Binge Drinking causes health problems for teens who don’t know better

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Binge Drinking causes health problems for teens who don’t know better

Binge drinking is very damaging to the health of teens.

Binge drinking is very damaging to the health of teens.

Creative Commons

Binge drinking is very damaging to the health of teens.

Creative Commons

Creative Commons

Binge drinking is very damaging to the health of teens.

Courtney Kushnir

The website kidshealth.org defines binge drinking as “the heavy consumption of alcohol over a short period of time.” Even though they are not legally allowed to consume alcohol, teens are the most likely age group to binge drink, according to Pediatrics, a journal for pediatric studies.

For girls under the age of 17, three drinks in a row constitutes binging; for boys aged 14 and 15, it’s four drinks.

School nurse Dorothy Condon has seen firsthand the consequences of binge drinking in her time working in the Intensive Care Unit at Monmouth Medical Center in Long Branch.

“The alcohol content rises so quickly that your body doesn’t have enough time to adjust, and then you have a loss of consciousness, and it can eventually turn to stopping your breathing,” Condon said. “It can cost you your life.”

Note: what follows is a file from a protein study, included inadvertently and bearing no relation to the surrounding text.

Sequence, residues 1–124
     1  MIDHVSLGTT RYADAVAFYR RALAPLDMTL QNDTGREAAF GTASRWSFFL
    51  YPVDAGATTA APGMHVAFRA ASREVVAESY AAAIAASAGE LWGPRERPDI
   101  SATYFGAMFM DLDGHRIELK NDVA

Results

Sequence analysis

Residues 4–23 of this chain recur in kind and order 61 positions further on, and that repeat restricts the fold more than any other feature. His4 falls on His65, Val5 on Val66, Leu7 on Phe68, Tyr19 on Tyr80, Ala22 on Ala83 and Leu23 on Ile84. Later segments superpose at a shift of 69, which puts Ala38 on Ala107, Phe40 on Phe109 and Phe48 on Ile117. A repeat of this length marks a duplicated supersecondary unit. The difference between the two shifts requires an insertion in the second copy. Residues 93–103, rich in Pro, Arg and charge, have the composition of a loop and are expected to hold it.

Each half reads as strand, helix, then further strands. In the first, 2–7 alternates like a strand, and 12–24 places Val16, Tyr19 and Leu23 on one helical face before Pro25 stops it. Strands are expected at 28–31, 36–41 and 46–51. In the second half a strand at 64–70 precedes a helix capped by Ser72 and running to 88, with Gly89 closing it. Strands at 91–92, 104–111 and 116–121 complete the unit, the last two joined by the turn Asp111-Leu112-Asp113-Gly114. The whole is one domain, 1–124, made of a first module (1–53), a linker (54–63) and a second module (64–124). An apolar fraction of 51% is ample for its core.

As Condon noted, binge drinking can cause serious immediate dangers as well as permanent brain damage, as noted in a study on adolescent rodents conducted by the National Institute on Alcohol Abuse and Alcoholism. In this study, subjects that were exposed to alcohol showed signs of damaged nerves in the part of the brain associated with learning and memory.

So with these potential repercussions, why are young people, teens especially, the most likely to binge? Condon attributes the problem to the rise of peer pressure and “social drinking.”

“Today, there are a lot of drinking games that promote binge drinking so the kids aren’t aware of how much alcohol they’re consuming,” Condon said.

To inform teens on the risks of drinking early on in their education, programs like AlcoholEdu and Drug Abuse Resistance Education (DARE) strive to educate middle school and high school students on what it means to drink. Condon believes that progress can be made through alternative activities for teens, and strengthening laws against underage drinking.

“We need to find something else for teens to do on the weekends. They need to get involved with coffeehouses or volunteer projects, or doing something that is acceptable,” Condon said. “Alcohol is not the answer to your social status.”

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